“We’re getting really comfortable with each other’s playing styles, and I think we’re getting really comfortable out there. I’ve enjoyed the experience, and learning a great deal from his experience as well. I’m just starting to figure out that I can do this well, and now I’m just trying to stay consistent playing the way that I have been. Part of being a pro is being able to do it night in and night out. Going through the WHL I feel like I have a bit of a hand up on that because we played a 72-game schedule, so I’m used to playing three times a week. It’s a nice thing to have under my belt, but it’s just about trying to stay consistent here. I’m just going to work my hardest every night, and I’ve got plenty of time each day to get my body prepared to play.”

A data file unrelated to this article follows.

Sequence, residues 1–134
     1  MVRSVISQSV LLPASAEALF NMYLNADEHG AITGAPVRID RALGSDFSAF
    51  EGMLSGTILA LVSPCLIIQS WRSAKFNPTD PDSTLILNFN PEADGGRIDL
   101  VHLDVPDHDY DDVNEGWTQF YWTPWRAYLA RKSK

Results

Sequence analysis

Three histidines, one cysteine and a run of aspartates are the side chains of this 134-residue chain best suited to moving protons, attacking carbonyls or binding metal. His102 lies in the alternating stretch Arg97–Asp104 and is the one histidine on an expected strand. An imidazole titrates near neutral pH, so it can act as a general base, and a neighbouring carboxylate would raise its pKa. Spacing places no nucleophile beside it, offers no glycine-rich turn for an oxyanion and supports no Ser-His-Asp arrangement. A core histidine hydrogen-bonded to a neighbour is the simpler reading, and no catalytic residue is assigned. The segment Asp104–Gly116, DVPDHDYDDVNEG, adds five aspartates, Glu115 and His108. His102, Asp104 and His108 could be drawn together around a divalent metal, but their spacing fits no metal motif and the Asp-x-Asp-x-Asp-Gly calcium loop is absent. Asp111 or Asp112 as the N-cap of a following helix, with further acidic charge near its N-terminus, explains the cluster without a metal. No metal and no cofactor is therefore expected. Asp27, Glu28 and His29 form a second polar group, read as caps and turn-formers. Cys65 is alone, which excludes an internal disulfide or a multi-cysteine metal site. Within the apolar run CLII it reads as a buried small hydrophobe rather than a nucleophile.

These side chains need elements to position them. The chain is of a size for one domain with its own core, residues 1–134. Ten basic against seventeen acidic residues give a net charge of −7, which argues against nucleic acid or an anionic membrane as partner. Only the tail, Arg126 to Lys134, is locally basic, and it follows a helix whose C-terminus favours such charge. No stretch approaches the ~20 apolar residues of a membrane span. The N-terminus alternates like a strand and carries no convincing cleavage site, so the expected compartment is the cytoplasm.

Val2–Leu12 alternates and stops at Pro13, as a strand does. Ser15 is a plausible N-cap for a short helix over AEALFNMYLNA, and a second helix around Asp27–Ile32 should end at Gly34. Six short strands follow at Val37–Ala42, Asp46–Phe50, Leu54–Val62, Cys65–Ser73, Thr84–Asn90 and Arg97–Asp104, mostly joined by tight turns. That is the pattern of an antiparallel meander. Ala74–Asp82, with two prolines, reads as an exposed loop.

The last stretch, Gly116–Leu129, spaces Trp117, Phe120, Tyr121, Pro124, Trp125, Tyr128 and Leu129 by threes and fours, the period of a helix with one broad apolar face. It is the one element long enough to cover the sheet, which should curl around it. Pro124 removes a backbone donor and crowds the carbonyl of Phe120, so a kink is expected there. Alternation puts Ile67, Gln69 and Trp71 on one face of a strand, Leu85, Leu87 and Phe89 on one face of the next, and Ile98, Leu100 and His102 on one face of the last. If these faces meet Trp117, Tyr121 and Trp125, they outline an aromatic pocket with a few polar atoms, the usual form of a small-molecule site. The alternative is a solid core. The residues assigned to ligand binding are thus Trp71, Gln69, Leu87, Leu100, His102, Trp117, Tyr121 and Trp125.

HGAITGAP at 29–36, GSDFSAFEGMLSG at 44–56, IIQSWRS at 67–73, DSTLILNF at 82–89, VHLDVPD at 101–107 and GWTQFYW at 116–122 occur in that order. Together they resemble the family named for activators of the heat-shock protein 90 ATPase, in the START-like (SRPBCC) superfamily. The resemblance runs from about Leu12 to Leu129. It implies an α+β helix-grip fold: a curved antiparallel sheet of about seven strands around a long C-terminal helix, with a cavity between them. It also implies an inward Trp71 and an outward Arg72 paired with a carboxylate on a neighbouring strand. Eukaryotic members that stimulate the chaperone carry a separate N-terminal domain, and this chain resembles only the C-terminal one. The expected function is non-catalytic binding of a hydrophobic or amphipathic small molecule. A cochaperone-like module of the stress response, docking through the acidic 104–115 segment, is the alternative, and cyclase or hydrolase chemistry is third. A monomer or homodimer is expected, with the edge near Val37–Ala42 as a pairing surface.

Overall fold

Carlo makes the second, game-securing play because there’s a mental and physical toughness to his game, and there is a very high learning curve for the youngster after tossed into a difficult position as a shutdown NHL D-man out of necessity. The Bruins probably should have been in big, big trouble along their back end again this season after failing to close a deal for Kevin Shattenkirk over the summer, and going into this season without upgrading whether it’s Jacob Trouba, Cam Fowler or some other young, puck-moving top-4 defenseman-type potentially available on the market.
They probably still need one of those established veteran players to truly upgrade their blue line into an area of strength rather than an area of question, but Carlo has minimized some of that dire need with his impressive first couple of weeks. The Bruins hope Carlo continues to become their version of similarly-sized St. Louis Blues defenseman Colton Parayko, a third round pick that rapidly emerged on the Blues scene a couple of years ago with an impressive rookie season at 22 years old.